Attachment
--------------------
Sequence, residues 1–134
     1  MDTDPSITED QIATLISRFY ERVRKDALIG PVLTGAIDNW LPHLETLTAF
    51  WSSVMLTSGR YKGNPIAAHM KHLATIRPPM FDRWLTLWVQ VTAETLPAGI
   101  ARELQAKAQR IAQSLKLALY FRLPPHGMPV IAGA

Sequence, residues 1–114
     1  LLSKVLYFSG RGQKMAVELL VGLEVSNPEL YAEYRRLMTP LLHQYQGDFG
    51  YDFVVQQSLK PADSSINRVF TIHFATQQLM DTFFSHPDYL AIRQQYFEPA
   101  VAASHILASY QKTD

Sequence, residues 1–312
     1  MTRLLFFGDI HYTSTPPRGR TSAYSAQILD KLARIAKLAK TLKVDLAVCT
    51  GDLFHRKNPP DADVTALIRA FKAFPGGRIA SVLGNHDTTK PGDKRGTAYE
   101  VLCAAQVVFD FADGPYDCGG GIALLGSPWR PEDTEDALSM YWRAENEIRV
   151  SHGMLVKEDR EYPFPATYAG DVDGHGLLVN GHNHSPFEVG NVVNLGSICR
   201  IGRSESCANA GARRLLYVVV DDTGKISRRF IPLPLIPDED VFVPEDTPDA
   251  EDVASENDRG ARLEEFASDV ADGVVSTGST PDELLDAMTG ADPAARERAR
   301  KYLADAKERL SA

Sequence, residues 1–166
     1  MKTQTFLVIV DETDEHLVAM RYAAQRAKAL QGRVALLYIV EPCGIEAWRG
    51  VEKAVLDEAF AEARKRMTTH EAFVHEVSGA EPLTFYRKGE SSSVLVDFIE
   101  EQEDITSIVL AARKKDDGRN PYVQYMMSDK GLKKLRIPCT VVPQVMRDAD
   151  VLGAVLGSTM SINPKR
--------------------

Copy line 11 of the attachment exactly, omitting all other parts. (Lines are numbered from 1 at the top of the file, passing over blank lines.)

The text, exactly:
    51  GDLFHRKNPP DADVTALIRA FKAFPGGRIA SVLGNHDTTK PGDKRGTAYE